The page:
How To Plan for Child Education?

Tanish Goswami - Mar 24, 2023

In India, the cost of education is rising rapidly. Parents are increasingly having difficulty meeting the growing fee structure and other education-related costs, from primary to secondary and higher education. The returns on your child's education fund need to keep pace with inflation because education costs are rising at a rate that is higher than normal.

As indicated by Public Example Study Office (NSSO), somewhere in the range of 2008 and 2014, the normal yearly confidential consumption for general training (essential level to post graduation or more) shot up by a stunning 175 percent while during a similar period, the yearly expense of expert and specialized schooling expanded by 96%.

Education inflation is estimated to be between 10 and 12 percent annually, according to rough estimates. An engineering course that currently costs Rs 6 lakh will cost around Rs 15 lakh in 16 years, even according to conservative estimates, assuming education cost inflation of 6% per year. In a similar vein, a 21-year MBA program would cost approximately 34 lakh rupees.

However, you should only use education loans to cover the difference between what you save and what you need. Therefore, if your children are still infants, and you have a few years before they will require financial assistance, the following steps will help you, self-fund their education.

  1. Set up a strategy: A target amount for a child's education needs must be established in order to implement a plan. It might be challenging for you to narrow down the career path that your child might pursue in the future because the world is witnessing the introduction of newer types of courses. Nevertheless, to get off to a good start, consider two to three career options and their current costs. Consider a conservative inflation rate of 8% per year for the number of years after which the child would need money to inflate it.

Determine how much you would need to put aside each month to pay for the requirement once you have estimated it. In the preceding example, assuming a 12% annual growth rate, you would need to set aside approximately Rs 2,600 per month for your child's engineering degree after 16 years and approximately Rs 3,100 per month for an MBA degree after 21 years. The figure can be obtained with the assistance of financial planners or online calculators.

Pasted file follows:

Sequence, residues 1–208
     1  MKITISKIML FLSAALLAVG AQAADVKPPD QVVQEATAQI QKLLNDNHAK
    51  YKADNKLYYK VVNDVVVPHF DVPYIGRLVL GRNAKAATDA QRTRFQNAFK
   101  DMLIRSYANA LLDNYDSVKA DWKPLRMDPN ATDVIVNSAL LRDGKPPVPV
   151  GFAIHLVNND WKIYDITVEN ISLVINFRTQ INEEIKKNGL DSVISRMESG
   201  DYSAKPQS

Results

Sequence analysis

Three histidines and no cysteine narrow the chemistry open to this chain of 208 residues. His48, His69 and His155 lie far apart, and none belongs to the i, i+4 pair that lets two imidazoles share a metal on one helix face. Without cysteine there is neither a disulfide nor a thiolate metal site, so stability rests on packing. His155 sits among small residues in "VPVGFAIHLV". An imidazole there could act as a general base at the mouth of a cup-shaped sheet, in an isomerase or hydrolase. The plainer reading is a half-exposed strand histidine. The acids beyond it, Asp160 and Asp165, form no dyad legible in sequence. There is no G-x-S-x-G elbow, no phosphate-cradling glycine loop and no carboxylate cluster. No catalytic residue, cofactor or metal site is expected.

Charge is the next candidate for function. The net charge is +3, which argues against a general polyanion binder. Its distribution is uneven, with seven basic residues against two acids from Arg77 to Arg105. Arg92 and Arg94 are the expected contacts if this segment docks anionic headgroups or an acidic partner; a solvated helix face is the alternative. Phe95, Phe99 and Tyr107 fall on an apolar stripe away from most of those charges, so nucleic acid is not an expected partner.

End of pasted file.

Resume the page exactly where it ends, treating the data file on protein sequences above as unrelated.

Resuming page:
1. Essentials: Create a separate portfolio for the needs of children to improve financial management. Additionally, allocate funds for each child separately. "Create separate buckets of investments for education costs that will arise in the short term, medium term, and long term, respectively," according to Bose. Give each bucket its own regular savings account and closely monitor them.

Equities are the best option for long-term objectives. Equity has consistently outperformed all other asset classes, including debt, gold, and real estate, in terms of inflation-adjusted return over the long term.

  1. Portfolio: When children's needs are at least ten years away, equities should make up the majority of the investment portfolio. Thus, value situated instruments, for example, value common assets, ULIP with value reserve choices can be the backbone of one's portfolio. You can also use a public provident fund (PPF) account to pay for your child's education.
  2. Mutual funds for children's needs: Stick with equity-diversified schemes. Start your SIP with two to four equity-oriented mutual fund schemes that include both large- and mid-cap funds. In the same mutual fund portfolio, keep adding additional birthday gifts for children or gifts from grandparents. One can even save money for children's needs and pay less tax by investing in equity-linked savings plans. Redeem units while maintaining the investment whenever the child requires funds for education. It is preferable to finance short-term requirements using current earnings. SIPs in balanced funds are a good option for accumulating funds for 3-5-year education goals, and SIPs in mid- and large-cap equity funds are suitable for longer-term goals. Child ULIP One may even consider investing through child ULIP with the waiver of premium feature to ensure that the child receives the required amount at the desired age. To get the most out of the child ULIP equity fund option in the long run, invest in it. If you're a parent, you should make sure you have enough life insurance, preferably a pure term plan, so that anything bad doesn't get in the way of your kids' needs.
  3. Opening a public provident fund (PPF) account: It is another option for investing for child needs. PPF is a 15-year plan that would help the child build a tax-free fund. Partially withdraw funds anytime after the sixth year, or at the beginning of the seventh year, as and when the child requires them. Contributions can be made by the child when they are adults, and the same account can be kept open forever. Keep in mind, however, that PPF is a debt investment with a low inflation-adjusted return, limiting wealth creation. Additionally, the annual limit for both parent and child PPF accounts is Rs 1.5 lakh.


By switching from equity to less volatile debt assets, the funds designated for children's education that are at least three years away from the goal are de-risked. Keep in mind that the child investment portfolio should only be used for its intended purpose. Regardless of whether you were to stop your month-to-month putting something aside for some time, don't reclaim your objective based venture to fund other momentary necessities. One of your most treasured goals from the moment your child was born was funding their education. Therefore, you should not do anything that prevents you from realizing your dream.



Happy Investing !!!

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Written by: Tanish Goswami

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